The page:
If you’re a naturalized U.S. citizen and would like to share your story of becoming an American, please let us know:

Who We’re Talking  To

Michael Lewis, author of a new book on the founders of behavioral economics, discusses how their work reaches far beyond academia—and how it helps to explain the 2016 election.

Jacob Saxton, creator of a Twitter account that chronicles China’s Cultural Revolution in real time, shares what it’s like to relive a historic period of chaos and change.

R. R. Reno, editor of the conservative religious magazine First Things, discusses America’s national identity and why he’s “guardedly optimistic” about Trump.

Evening Read

Megan Garber on the new reality TV:

Television has long had a fraught relationship with the “regular” person. Many of its shows, from Leave It to Beaver on down, have relied on the power of aspiration—the ideal family, the ideal group of friends, impossibly beautiful people inhabiting impossibly beautiful places—to amplify the appeal of the “normal” worlds they’ve served up to their viewers. ...

Many of the new shows of 2016, though, took that approach—the everyday, gilded with the shiny stuff of fantasy—and stripped it of its varnish. The concerns that were so often, in the past, relegated to the plot lines of individual episodes (a job-loss here, an illness there) were put center-stage as series overtly emphasized what used to be matters of taboo: money, infidelity, weight, special needs. In a year in which so many things beyond politics themselves were political, many TV shows continued a trend that had been brewing with the rise of social media and Peak TV. Perhaps realizing television’s power to change the way people see the world, show creators rejected easy aspiration and blithe escapism—they instead got insistently, and compellingly, real.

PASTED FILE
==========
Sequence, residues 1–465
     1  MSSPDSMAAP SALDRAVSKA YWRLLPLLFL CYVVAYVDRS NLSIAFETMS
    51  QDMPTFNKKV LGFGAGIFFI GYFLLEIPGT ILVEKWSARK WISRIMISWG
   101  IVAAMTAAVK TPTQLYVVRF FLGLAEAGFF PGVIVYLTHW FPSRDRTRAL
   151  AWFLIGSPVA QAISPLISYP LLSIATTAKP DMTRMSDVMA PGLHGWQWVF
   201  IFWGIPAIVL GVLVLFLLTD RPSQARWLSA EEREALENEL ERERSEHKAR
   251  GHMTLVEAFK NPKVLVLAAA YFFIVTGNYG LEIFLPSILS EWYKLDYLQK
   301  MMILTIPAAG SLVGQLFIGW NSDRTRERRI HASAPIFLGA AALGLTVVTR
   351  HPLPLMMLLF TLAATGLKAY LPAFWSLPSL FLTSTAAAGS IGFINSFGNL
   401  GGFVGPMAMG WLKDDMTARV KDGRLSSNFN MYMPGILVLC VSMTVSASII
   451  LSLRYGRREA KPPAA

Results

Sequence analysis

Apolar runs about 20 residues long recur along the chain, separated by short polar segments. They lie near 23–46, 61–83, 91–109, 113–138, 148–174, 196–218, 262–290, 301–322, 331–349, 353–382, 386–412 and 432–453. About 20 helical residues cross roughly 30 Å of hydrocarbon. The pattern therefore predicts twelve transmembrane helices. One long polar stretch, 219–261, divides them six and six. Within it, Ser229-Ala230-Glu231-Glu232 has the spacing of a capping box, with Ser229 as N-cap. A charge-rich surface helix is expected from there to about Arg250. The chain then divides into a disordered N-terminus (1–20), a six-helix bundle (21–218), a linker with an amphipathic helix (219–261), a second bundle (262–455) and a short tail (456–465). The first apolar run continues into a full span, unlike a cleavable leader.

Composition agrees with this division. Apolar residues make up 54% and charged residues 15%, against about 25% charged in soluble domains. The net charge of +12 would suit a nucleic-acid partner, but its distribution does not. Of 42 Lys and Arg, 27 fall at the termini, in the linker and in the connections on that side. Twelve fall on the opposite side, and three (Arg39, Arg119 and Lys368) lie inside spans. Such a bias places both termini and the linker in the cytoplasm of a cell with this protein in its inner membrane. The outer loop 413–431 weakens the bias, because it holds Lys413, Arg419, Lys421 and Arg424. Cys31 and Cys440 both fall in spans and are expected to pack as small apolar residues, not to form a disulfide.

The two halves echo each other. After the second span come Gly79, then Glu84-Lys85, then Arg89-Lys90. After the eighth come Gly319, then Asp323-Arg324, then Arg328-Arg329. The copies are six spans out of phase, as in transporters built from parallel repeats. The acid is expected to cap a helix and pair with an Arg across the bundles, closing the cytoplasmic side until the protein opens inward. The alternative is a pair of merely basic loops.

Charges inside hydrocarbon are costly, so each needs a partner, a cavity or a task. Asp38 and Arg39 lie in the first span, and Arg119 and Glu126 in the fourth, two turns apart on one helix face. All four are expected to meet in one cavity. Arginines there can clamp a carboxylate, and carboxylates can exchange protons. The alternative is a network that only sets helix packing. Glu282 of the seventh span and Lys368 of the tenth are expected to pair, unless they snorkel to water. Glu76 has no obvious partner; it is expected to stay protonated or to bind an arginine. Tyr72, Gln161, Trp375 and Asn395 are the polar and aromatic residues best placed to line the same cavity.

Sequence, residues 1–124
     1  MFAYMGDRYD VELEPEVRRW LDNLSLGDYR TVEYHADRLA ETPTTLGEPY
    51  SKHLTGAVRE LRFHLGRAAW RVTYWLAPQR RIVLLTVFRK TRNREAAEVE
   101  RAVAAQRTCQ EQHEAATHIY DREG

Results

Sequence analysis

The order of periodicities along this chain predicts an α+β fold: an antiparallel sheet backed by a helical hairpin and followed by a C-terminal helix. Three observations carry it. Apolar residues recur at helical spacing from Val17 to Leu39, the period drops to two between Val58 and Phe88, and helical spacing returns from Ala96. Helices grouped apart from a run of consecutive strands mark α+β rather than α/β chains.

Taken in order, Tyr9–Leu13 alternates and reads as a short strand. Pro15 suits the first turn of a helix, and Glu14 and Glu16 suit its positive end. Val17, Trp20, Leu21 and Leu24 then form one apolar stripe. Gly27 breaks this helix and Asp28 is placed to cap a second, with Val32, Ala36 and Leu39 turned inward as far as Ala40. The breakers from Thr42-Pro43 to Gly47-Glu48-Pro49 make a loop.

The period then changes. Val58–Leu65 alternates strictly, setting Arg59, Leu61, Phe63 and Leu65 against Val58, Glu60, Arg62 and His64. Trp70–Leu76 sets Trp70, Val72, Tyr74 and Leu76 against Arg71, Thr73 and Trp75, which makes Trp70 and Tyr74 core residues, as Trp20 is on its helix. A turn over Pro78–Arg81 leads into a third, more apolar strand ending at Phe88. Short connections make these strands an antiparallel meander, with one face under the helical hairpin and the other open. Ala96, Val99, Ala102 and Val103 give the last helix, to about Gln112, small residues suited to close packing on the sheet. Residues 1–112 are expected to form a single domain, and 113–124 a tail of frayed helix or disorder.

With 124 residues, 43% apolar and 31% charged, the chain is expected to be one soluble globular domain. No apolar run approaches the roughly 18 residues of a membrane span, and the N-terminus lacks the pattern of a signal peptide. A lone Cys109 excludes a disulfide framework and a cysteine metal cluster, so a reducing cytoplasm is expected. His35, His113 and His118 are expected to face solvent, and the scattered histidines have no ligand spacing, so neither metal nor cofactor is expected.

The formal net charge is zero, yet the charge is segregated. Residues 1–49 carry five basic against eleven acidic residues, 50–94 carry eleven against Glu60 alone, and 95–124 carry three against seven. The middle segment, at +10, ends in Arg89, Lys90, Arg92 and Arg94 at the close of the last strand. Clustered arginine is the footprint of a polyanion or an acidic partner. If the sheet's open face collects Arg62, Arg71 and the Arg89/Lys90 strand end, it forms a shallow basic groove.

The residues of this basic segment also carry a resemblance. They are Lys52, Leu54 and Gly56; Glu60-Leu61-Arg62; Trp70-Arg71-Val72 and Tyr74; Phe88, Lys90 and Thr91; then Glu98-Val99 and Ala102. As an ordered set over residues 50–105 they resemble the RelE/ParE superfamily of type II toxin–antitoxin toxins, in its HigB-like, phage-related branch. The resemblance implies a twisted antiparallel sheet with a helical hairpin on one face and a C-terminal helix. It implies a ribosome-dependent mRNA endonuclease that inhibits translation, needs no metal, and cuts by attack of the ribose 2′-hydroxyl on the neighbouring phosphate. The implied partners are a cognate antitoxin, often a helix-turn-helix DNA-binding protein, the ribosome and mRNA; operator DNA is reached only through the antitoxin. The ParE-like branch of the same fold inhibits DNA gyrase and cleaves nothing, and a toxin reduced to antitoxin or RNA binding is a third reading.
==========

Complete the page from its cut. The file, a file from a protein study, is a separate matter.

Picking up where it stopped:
Keep reading here, as Megan discusses what TV fiction reflects about today’s reality. And if you want more recommendations for what to watch in 2017, here’s a list of 27 movies to look forward to.

What Do You Know?

1. Research suggests that humans’ concept of private property originated about 11,000 years ago, concurrently with the practice of ____________.

Scroll down for the answer, or find it here.

2. The first scientific calculations about rainbows were made in 1637 by ____________.

Scroll down for the answer, or find it here.